This was simplified with easy connect in 10g release 1 which allowed the creation and connection to a service specified on the server. For the first time users only needed to connect to a nominated "listener node" and know the name of the service, for example imagine we have a nominated server inside of our organisation called "oracleservice", this of course is the name used for our virtual ip that will float between our cluster of listeners. In 10g release 1 we could create a service called "orderentry" using either dbca or srvctl that would allow our users to connect to it using a connect string of the form

sqlplus soe/soe@//oracleservice/orderentry

This greatly simplifies Oracle network maintenance. In some cases it could mean the removal of tnsnames files from the client or application server. It has other advantages for the DBA as well. If some business event occurs that requires the provisioning of a new application or a new resource profile for a short period of time the DBA can provision it in seconds and trivially remove it when it is no longer required.

Sadly in Oracle10g release 1 this functionality didn't support Transparent Application Failover (TAF), this meant that DBAs still needed to maintain tnsnames files contain a description of what nodes a service could failover on. The good news is that in Oracle10g release 2 this all changed. DBA's could set up a service specifying TAF and the Oracle OCI layer would use this definition provided by the server to describe the load balancing and failover profile.

Implementing this functionality is pretty trivial but there is a step that might catch you out. So lets go through it step by step

To set up the service you can use either Oracle DBCA, the DBMS_SERVICE package, Enterprise Manager or srvctl. The choice is entirely dependent on what you have running. DBCA or Enterprise manager provide the simplest mechanism but you will still have to run the final step using the dbms_service package to tell the database about its failover profile.

I'll use the DBMS_SERVICE package and srvctl for the sake of brevity. In the following example I have a database called db10g2 with two instances db10g21 and db10g22. Im going to create a service called "orderentry" that will provide transparent application failover between the two instances.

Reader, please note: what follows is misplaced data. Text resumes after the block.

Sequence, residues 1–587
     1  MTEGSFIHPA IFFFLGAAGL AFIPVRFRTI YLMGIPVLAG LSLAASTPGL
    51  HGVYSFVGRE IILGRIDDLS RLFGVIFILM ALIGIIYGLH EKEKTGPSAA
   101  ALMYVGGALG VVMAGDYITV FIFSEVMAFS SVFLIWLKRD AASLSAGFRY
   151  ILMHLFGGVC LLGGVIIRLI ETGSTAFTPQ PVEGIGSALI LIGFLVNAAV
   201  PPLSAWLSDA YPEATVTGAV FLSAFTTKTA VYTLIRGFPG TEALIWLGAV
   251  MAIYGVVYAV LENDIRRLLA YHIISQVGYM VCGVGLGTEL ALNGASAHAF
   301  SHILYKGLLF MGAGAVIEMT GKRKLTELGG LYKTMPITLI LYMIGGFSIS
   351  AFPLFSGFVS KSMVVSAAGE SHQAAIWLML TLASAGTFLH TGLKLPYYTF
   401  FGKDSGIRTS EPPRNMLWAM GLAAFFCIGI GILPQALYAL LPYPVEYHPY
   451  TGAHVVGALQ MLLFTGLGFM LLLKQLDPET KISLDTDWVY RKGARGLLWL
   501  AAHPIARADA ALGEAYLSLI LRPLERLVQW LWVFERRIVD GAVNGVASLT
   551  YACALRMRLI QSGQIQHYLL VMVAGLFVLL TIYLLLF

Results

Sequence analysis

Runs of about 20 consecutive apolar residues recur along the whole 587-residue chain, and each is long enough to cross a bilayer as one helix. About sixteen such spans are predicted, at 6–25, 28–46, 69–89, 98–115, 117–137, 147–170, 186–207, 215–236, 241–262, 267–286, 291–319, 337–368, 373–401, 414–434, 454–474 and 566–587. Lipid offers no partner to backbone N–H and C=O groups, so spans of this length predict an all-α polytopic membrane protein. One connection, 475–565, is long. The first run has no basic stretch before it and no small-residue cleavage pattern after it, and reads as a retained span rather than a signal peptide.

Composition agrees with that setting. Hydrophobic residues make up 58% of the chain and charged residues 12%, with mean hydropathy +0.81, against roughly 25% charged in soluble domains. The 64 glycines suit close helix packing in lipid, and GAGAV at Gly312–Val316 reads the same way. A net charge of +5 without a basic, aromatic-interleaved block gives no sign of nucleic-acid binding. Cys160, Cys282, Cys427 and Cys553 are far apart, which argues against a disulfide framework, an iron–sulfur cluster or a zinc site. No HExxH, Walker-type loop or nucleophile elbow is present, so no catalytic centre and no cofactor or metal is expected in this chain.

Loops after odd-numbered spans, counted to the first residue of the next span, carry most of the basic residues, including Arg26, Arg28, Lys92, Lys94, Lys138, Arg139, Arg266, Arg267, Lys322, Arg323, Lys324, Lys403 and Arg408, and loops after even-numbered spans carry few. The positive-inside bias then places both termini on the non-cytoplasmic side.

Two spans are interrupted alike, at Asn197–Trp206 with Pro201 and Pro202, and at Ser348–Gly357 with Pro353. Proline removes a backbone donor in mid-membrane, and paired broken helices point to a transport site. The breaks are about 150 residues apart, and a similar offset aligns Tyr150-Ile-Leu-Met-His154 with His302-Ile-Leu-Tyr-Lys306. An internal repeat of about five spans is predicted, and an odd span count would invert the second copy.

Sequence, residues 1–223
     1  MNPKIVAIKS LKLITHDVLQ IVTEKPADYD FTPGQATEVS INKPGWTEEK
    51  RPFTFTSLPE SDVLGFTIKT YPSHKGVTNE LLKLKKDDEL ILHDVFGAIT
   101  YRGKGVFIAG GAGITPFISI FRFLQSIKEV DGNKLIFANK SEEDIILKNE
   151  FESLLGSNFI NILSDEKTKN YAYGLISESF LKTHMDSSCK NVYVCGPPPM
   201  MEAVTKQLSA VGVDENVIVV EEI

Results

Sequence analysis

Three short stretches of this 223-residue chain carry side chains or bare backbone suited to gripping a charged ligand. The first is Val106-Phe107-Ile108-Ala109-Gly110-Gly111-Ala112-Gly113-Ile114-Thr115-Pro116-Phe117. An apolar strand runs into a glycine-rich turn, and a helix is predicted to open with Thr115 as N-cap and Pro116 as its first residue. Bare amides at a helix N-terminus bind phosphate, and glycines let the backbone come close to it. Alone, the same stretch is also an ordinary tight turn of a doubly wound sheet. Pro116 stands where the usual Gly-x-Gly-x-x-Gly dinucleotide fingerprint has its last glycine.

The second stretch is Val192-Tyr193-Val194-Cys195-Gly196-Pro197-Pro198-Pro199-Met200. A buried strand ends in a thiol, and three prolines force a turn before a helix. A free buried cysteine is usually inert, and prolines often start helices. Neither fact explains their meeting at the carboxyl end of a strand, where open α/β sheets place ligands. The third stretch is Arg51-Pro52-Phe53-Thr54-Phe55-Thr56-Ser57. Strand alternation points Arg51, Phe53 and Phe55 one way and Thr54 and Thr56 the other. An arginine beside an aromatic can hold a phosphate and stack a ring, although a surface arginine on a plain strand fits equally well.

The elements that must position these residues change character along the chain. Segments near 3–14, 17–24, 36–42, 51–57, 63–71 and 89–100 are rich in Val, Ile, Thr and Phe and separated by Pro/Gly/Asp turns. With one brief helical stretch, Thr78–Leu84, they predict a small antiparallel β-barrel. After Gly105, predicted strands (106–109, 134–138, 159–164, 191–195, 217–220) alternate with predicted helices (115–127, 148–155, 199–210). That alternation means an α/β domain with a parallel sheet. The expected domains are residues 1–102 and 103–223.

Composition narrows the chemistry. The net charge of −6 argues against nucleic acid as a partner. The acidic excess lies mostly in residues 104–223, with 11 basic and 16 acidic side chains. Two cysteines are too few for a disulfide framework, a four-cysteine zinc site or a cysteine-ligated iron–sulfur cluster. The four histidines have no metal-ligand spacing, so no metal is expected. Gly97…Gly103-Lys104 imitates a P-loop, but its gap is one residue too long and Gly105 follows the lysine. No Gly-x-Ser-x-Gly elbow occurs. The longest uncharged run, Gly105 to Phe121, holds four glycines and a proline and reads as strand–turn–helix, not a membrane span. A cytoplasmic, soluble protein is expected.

The first step is to create the service using srvctl

srvctl add service -d db10g2 -s orderentry -r "db10g21,db10g22" -a "db10g21,db10g22" -P BASIC

and check on its status

$ > srvctl status service -d db10g2 -s "orderentry"
Service orderentry is not running.

So we'll have to start the service first

$ > srvctl start service -d db10g2 -s "orderentry"

if we now use sqlplus connecting as system/sys we can see the service.

SYSTEM@db10g21 > select SERVICE_ID, NAME, NETWORK_NAME, failover_method from dba_services;

id Name Network Name Failover
--- ------------------ ------------------------- ------------
1 SYS$BACKGROUND
2 SYS$USERS
3 orderentry orderentry


The thing to note is that the service hasn't got a failover profile associated with it. So we'll have to modify it using the DBMS_SERVICE package

SYS@db10g21 > get t1.sql
1 begin
2 DBMS_SERVICE.MODIFY_SERVICE(
3 service_name => 'orderentry',
4 failover_method => DBMS_SERVICE.FAILOVER_METHOD_BASIC,
5 failover_type => DBMS_SERVICE.FAILOVER_TYPE_SELECT,
6 failover_retries => 180,
7 failover_delay => 5);
8* end;
SYS@db10g21 >

if we now select the service information again

id Name Network Name Failover
--- ------------------ ------------------------- ------------
1 SYS$BACKGROUND
2 SYS$USERS
3 orderentry orderentry BASIC

We can now test the service using sqlplus.

sqlplus soe/soe@//node1/orderentry

SQL*Plus: Release 10.2.0.1.0 - Production on Wed Jan 18 14:11:47 2006

Copyright (c) 1982, 2005, Oracle. All rights reserved.


Connected to:
Oracle Database 10g Enterprise Edition Release 10.2.0.1.0 - Production
With the Partitioning, Real Application Clusters, OLAP and Data Mining options

SOE@//node1/orderentry >

So all we need to do now is to fire up swingbench and use the service we've created.

[oracle@node1 bin]$ ./charbench -cs //node1/orderentry -dt oci -uc 30 -a
Author : Dominic Giles
Version : 2.2

Results will be written to results.xml.
Users : 30 TPM : 272 Nested TPM : 0

If we log onto the database we can see that the connections have being balanced across the two nodes

SYS@db10g21 >;

1 select instance_name, count(1) usercount, nvl(username,'INTERNAL') user_name,
2 failover_type, failover_method
3 from gv$session s, gv$instance i
4 where s.inst_id = i.inst_id
5 group by instance_name, username, failover_type, failover_method
6* order by username, instance_name
SYS@db10g21 > /

Instance No. of Users Username Fail Over Type Fail Over Method
---------- ------------ ---------- ------------------ ------------------
db10g21 15 SOE SELECT BASIC
db10g22 15 SOE SELECT BASIC
db10g21 6 SYS NONE NONE
db10g22 6 SYS NONE NONE
db10g21 23 INTERNAL NONE NONE
db10g22 25 INTERNAL NONE NONE

so lets shut down of the instances

SQL*Plus: Release 10.2.0.1.0 - Production on Wed Jan 18 15:28:22 2006

Copyright (c) 1982, 2005, Oracle. All rights reserved.


Connected to:
Oracle Database 10g Enterprise Edition Release 10.2.0.1.0 - Production
With the Partitioning, Real Application Clusters, OLAP and Data Mining options

SYS@db10g22 > shutdown abort;
ORACLE instance shut down.
SYS@db10g22 >

And re-query the session profile

Instance No. of Users Username Fail Over Type Fail Over Method
---------- ------------ ---------- ------------------ ------------------
db10g21 30 SOE SELECT BASIC
6 SYS NONE NONE
25 INTERNAL NONE NONE


There's a lot more thats possible using the service approach to database connection but I'll discuss that in another blog.